required: de.knutwalker.akka.typed.|[de.knutwalker.akka.typed.|[Foo,Bar],Baz]
           case Bar(bar) => println(s"received a Bar: $bar")
                ^
<console>:31: error: constructor cannot be instantiated to expected type;
 found   : Baz
 required: de.knutwalker.akka.typed.|[de.knutwalker.akka.typed.|[Foo,Bar],Baz]
           case Baz(baz) => println(s"received a Baz: $baz")
                ^

We have to do this discrimination at type-level as well. Don’t worry, it’s less complicated as that sound. As a side note, sum types like Either are sometimes referred to as tagged union, the tag being the thing that would help us to discrimite at runtime – our union type is an untagged union instead.

The basics stay the same, you still extends TypedActor.Of and implement typedReceive but this time using either Union or TotalUnion. Use Union if you only cover some of the union types cases and TotalUnion if you want to cover all cases. The compiler can perform exhaustiveness checks on the latter. Both methods return a builder-style object that has an on method that must be used to enumerate the individual subcases of the union type and you close with a call to apply.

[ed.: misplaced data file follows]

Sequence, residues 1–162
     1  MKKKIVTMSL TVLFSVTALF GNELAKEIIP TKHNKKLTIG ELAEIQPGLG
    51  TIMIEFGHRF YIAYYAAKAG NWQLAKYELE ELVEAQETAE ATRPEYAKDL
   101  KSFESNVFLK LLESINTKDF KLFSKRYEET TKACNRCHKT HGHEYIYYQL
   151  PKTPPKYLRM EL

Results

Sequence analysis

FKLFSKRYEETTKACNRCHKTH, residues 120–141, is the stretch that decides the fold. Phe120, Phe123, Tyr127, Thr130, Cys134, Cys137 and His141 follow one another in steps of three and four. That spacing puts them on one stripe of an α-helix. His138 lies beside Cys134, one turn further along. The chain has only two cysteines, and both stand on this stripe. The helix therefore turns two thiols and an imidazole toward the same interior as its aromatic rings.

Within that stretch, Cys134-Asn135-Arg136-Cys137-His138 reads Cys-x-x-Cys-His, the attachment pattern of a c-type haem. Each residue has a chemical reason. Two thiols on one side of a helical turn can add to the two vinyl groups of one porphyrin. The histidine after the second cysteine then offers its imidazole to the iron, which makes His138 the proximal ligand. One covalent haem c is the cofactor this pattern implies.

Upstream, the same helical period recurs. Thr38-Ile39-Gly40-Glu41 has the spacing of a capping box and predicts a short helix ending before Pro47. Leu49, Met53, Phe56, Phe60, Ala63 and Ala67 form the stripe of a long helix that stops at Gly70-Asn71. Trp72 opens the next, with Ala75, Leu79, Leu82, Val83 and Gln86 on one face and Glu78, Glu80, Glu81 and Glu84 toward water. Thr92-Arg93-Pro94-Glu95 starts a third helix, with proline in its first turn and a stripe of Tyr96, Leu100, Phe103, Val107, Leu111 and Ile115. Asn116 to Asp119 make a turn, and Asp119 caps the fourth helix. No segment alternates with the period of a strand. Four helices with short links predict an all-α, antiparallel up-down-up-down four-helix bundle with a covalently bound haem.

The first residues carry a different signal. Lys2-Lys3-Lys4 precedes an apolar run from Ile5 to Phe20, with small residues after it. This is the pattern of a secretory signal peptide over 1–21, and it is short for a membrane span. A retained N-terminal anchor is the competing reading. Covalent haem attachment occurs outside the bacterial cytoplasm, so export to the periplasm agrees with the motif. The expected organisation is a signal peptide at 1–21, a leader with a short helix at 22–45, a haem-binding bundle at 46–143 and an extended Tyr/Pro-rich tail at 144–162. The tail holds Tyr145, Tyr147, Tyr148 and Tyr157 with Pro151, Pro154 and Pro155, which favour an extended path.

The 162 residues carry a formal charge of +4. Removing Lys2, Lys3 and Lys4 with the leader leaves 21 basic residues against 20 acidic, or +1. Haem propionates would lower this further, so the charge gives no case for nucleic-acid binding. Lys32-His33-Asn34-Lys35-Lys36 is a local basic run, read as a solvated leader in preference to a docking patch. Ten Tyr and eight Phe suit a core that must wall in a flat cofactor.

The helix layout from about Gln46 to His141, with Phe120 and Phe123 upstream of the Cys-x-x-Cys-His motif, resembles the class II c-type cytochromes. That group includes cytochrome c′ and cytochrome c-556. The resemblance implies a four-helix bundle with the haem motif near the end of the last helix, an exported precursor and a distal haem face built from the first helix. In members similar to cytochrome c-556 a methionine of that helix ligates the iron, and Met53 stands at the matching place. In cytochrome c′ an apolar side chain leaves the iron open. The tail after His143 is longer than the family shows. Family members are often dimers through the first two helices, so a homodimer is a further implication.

scala> class MyActor extends TypedActor.Of[Foo | Bar | Baz] {
     |   def typedReceive: TypedReceive = Union
     |     .on[Foo]{ case Foo(foo) => println(s"received a Foo: $foo") }
     |     .on[Bar]{ case Bar(bar) => println(s"received a Bar: $bar") }
     |     .on[Baz]{ case Baz(baz) => println(s"received a Baz: $baz") }
     |     .apply
     | }
defined class MyActor

Or if you have a total function for the cases, there is a shortcut: